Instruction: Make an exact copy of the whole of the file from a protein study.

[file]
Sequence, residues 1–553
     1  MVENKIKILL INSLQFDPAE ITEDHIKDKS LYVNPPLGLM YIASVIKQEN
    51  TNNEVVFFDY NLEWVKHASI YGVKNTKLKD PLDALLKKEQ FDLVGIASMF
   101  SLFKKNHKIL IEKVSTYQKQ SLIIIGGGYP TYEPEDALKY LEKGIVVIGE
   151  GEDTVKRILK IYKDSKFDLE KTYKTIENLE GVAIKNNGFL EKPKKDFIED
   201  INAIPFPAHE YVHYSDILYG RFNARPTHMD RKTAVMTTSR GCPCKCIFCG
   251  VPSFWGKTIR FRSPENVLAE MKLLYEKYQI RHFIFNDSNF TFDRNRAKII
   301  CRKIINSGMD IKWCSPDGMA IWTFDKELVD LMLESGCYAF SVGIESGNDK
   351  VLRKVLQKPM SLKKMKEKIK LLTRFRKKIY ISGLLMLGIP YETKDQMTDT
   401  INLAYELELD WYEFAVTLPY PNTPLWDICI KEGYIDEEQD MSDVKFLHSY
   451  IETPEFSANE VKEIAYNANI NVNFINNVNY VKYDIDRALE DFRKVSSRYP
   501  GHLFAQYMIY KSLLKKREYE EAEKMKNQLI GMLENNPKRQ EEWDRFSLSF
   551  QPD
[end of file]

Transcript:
Sequence, residues 1–553
     1  MVENKIKILL INSLQFDPAE ITEDHIKDKS LYVNPPLGLM YIASVIKQEN
    51  TNNEVVFFDY NLEWVKHASI YGVKNTKLKD PLDALLKKEQ FDLVGIASMF
   101  SLFKKNHKIL IEKVSTYQKQ SLIIIGGGYP TYEPEDALKY LEKGIVVIGE
   151  GEDTVKRILK IYKDSKFDLE KTYKTIENLE GVAIKNNGFL EKPKKDFIED
   201  INAIPFPAHE YVHYSDILYG RFNARPTHMD RKTAVMTTSR GCPCKCIFCG
   251  VPSFWGKTIR FRSPENVLAE MKLLYEKYQI RHFIFNDSNF TFDRNRAKII
   301  CRKIINSGMD IKWCSPDGMA IWTFDKELVD LMLESGCYAF SVGIESGNDK
   351  VLRKVLQKPM SLKKMKEKIK LLTRFRKKIY ISGLLMLGIP YETKDQMTDT
   401  INLAYELELD WYEFAVTLPY PNTPLWDICI KEGYIDEEQD MSDVKFLHSY
   451  IETPEFSANE VKEIAYNANI NVNFINNVNY VKYDIDRALE DFRKVSSRYP
   501  GHLFAQYMIY KSLLKKREYE EAEKMKNQLI GMLENNPKRQ EEWDRFSLSF
   551  QPD